I know it’s tough when it’s your son out there. But try to view the evaluations his coach has made with some objectivity. Is there a good reason why your son isn’t getting as much playing time as other kids? If you can spot areas of his game that are holding him back and causing his lack of playing time, make note of them. Then help him turn those areas into strengths. (If that’s something he’s interested in doing.) Be careful how you talk to him about working on his areas of weakness. (See one of my previous posts “How To Help Your Son Improve His Game, Without Criticism.“)
Talk To The Coach
This one seems simple and straightforward, but I think it’s the trickiest of them all. A conversation about playing time with a coach can turn ugly in a hurry. You’ve gotta know that just bringing up the subject is going to make a coach defensive. Just make sure you don’t sound confrontational. You don’t want him to think that you’re questioning his judgement or player assessment. Simply ask him what areas of your son’s game need to improve in order for him to receive more playing time. Ask with your son’s best interest at heart and be sincere about wanting to help him EARN more playing time. If the coach is worth anything, he’ll respect you for asking the question and he’ll have a solid critique of your son’s game. Make sure this conversation occurs when your son isn’t around.
Watch Rudy With Him
(I just realized that I’ve never introduced my boys to the classic movie, Rudy. That’s going to change, very soon.) Rudy Ruettiger was the ultimate role player. The kid didn’t know if he’d ever get to run out of that legendary Notre Dame tunnel on game day. Yet there he was, going all out at every practice. Rudy shows how hard work, perseverance and a dedication to get better can pay off. I still get goosebumps when he gets that sack at the end of the game.
Instill The Importance Of Hustle
I believe that hustle is the greatest skill any athlete can learn. It will help endear him to his coaches and teammates. Hustle is also a powerful tie-breaker when coaches evaluate who should get the lion’s share of the playing time. I’d be willing to bet that the majority of coaches will vote on the side of a player who always hustles over a player who may have a bit more talent, but doesn’t give a full effort all the time.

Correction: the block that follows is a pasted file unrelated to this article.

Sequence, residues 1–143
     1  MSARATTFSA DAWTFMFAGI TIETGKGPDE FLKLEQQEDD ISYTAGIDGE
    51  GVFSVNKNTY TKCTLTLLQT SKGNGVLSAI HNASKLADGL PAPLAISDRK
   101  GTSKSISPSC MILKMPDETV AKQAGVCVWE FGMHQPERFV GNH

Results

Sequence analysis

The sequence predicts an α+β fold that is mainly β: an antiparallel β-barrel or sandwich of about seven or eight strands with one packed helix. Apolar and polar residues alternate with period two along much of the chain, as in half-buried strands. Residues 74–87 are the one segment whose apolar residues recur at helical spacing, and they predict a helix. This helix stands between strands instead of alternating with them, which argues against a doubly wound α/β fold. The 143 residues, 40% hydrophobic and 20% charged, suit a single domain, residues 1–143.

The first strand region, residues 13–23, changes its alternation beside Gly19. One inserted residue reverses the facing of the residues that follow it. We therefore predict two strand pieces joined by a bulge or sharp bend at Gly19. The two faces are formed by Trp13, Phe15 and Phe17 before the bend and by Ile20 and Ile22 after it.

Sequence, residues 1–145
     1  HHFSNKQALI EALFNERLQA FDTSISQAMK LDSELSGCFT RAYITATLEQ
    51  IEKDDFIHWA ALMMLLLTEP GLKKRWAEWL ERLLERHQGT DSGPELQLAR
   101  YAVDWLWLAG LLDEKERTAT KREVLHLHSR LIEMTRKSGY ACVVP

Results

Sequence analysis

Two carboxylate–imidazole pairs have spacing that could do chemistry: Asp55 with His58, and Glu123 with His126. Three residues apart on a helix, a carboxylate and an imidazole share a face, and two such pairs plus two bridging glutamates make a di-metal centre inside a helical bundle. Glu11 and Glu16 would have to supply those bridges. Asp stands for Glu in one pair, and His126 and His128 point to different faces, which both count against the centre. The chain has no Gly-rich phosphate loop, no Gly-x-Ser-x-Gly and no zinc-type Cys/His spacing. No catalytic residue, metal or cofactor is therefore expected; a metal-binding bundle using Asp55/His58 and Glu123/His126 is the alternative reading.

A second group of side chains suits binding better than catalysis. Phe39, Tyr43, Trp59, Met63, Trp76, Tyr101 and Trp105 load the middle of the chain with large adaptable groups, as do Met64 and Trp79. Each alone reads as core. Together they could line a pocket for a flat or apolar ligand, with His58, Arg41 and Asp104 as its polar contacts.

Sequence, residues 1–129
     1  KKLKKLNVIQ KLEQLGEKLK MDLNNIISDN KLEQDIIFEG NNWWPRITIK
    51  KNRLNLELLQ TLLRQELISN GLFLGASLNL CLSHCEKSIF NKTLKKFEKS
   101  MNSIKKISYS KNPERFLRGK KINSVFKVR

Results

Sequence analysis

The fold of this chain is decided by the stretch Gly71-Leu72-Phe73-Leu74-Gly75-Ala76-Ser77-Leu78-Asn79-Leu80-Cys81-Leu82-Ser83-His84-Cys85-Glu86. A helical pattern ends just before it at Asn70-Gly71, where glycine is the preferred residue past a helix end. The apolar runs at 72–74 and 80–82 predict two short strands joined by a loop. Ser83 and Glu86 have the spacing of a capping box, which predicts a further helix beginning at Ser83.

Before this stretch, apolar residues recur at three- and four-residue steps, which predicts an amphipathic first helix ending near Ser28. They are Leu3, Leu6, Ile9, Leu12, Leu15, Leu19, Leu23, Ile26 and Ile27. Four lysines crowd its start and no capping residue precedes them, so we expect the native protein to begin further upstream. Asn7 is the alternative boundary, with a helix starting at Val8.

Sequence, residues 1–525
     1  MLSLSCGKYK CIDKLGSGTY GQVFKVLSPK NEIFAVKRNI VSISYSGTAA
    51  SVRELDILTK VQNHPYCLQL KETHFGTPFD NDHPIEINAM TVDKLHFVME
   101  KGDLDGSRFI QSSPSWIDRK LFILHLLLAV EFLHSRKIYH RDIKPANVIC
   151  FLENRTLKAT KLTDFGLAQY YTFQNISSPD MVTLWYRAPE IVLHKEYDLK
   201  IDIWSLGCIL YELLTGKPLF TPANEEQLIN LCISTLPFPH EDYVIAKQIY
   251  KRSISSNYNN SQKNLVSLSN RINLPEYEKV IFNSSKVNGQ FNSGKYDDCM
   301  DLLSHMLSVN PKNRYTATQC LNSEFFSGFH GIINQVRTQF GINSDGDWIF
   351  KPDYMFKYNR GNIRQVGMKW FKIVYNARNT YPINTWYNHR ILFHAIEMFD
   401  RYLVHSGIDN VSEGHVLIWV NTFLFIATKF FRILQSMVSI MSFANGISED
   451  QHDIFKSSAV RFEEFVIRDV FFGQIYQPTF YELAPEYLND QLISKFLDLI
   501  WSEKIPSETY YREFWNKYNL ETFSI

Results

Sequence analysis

Once your son learns how to hustle, he shouldn’t have any regrets after practices and games. Knowing that he gave it everything he had is an awesome feeling and something to take pride in. The art of hustling will serve him well in every aspect of his life, for the rest of his life.
SPECIAL NOTE & FULL DISCLOSURE: If your kids are young like mine, teach them what the word hustle means, BEFORE you tell them to hustle. This past season when I was helping coach my 5-year old’s t-ball team, I found myself telling the kids to hustle out to their positions at the start of each inning and back to the dugout at the end of each inning. Most of them didn’t change the pace of their stroll. After a couple innings of this, I finally asked the boys if they knew what hustle meant. Most of them didn’t. So I could have been saying, “Come on boys. Doodle bloba-doo!” and it would have meant essentially the same thing to them…nothin’.
Use It As A Motivational Tool
When handed a setback, champions bounce back. (CLICK HERE TO TWEET THAT!) That’s exactly how you should position your son’s lack of playing time. It’s merely a setback. No big deal. Sit down and create an action plan together. Let him tell you the areas of his game that he thinks need work. When he’s the one calling attention to his weaknesses he’ll be more motivated to work on them. He’ll feel in control. If you point them out, he may get defensive, frustrated and feel like you’re picking him apart.
Keep His Self-Confidence Up
The most damaging aspect of a cut in playing time is the impact it has on your son’s confidence. Confidence is a huge factor for success in sports. Try your best to keep your son’s confidence high during a challenging time for him. The best way to do that is to practice/play with him and make sure he has success. When you have practice sessions with him, start and end the session with drills that he’ strong in. Put the fundamentals that need the most work in between his strongest drills. By starting and ending on positive notes, he’ll subconsciously begin to feel more confident in his all around game.
Remember, It’s Not About You
Let’s be honest here. If our kids go from playing all the time, to being role players, our Sports Dad egos will take a bit of a hit. It’s always easier to watch the games when your son is out there, involved in key plays and helping his team win games. You stand a little taller on the sidelines, right? Then if his playing time is cut, you’d feel a little lost on the sidelines. But imagine how your son would be feeling . Especially if he is the only player on the bench. Talk about feeling lost.
Whew! I think this is my longest post yet. Do you see what happens when I just start sharing my thoughts? I hope I didn’t ramble on too much for you. OK. Enough about my thoughts and ideas. Let’s hear some of yours. What do you think about these 10 ways to help your son handle a lack of playing time? Like ’em? Hate ’em? Have one or more to add?
Thanks for reading, (Seriously, THANK YOU. This was a long one.)